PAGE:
The southern Indian city of Bangalore, the country's IT capital, is facing potentially severe water shortages as its main water storage facility, the Krishnaraja Sagar Dam, is currently only holding 28.3 million cubic meters of water, just enough to meet the city’s requirements for 20 more days.
Supplies from the Cauvery River have also dropped by as much as 100 million liters a day as of May 15. The Bangalore Water Supply and Sewerage Board had been withdrawing 1.15 billion liters of water a day from Cauvery River until May 13.
“We had to cut the drawing limit to maintain the levels in our reservoirs. This is the first time we are facing such a severe scarcity since Bangalore Water Supply and Sewerage Board’s inception in 1964. Only rain can help resolve the situation,” The Hindu newspaper quoted a top official at the board as saying.
The board has requested an increase in releases upriver to try to maintain a storage level at the Krishnaraja Sagar Dam.
“As this too is not enough, a total of [28.3 million cubic meters] has also been released from the Hemavathi [River] in the last four days. But all the water has not reached the dam because of sand mining and encroachments along the river line. Although we had requested more water, the Irrigation Department stopped release of water from [May 15],” said an official in charge of Cauvery projects.
He added that the Indian Supreme Court’s decision in February to release some 68 million cubic meters to Tamil Nadu state has turned out to be disadvantageous for Bangalore, which is located in neighboring Karnataka state.
An “unprecedented water crisis” could result if rain does not fall in the next few days, the official warned. As much as 73.6 million cubic meters of water is needed to maintain supplies in the city until the monsoon rains arrive.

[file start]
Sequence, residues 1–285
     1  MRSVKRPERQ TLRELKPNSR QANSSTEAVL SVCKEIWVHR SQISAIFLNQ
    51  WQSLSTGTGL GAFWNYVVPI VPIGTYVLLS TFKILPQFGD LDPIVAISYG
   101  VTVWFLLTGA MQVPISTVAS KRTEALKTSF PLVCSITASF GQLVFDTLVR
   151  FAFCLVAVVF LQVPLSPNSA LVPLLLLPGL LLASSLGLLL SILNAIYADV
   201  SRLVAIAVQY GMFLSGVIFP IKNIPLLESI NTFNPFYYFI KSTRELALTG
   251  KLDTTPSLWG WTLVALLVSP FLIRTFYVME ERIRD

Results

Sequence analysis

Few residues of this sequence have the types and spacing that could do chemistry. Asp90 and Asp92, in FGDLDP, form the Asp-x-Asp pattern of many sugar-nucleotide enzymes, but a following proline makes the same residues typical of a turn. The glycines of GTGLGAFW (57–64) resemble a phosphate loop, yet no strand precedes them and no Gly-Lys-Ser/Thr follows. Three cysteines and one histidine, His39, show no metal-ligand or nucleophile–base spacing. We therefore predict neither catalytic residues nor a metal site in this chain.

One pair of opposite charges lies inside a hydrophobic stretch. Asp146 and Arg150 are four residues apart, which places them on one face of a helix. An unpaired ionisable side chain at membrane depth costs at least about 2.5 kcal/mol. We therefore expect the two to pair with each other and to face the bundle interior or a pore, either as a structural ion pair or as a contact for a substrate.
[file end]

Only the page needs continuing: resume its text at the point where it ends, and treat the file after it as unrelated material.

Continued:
“If more water from the Hemavathi is not released, we may have to draw water from the dead storage. This requires preparation and precautions, as it will be the first time that the dead storage will be touched,” the official said.
“We also want people to come up with suggestions on how to manage the situation,” he added.
In March, the Bangalore Water Supply and Sewerage Board kicked off a Save Water campaign to focus on water conservation by the most privileged people, who the board thinks can reduce their use so that others do not end up being deprived of water.
“With no proper monsoon since last summer, there's little water in the reservoirs and the responsibility to share Cauvery water with Tamil Nadu have put us in a crisis. We appeal to people to use water judiciously so that someone else is not deprived of drinking water," said Board Chairman Gaurav Gupta.
Experts are sure conservation is the city’s best option.
"It's important to change traditional norms of water consumption like using 3-liter flush tanks instead of 6-liter ones, ensuring that running water used while washing cars drains into a rainwater harvest pit, no taps are kept open and leakages are plugged," said V. Vishwanath, principal architect at water conservation NGO Rainwater Club.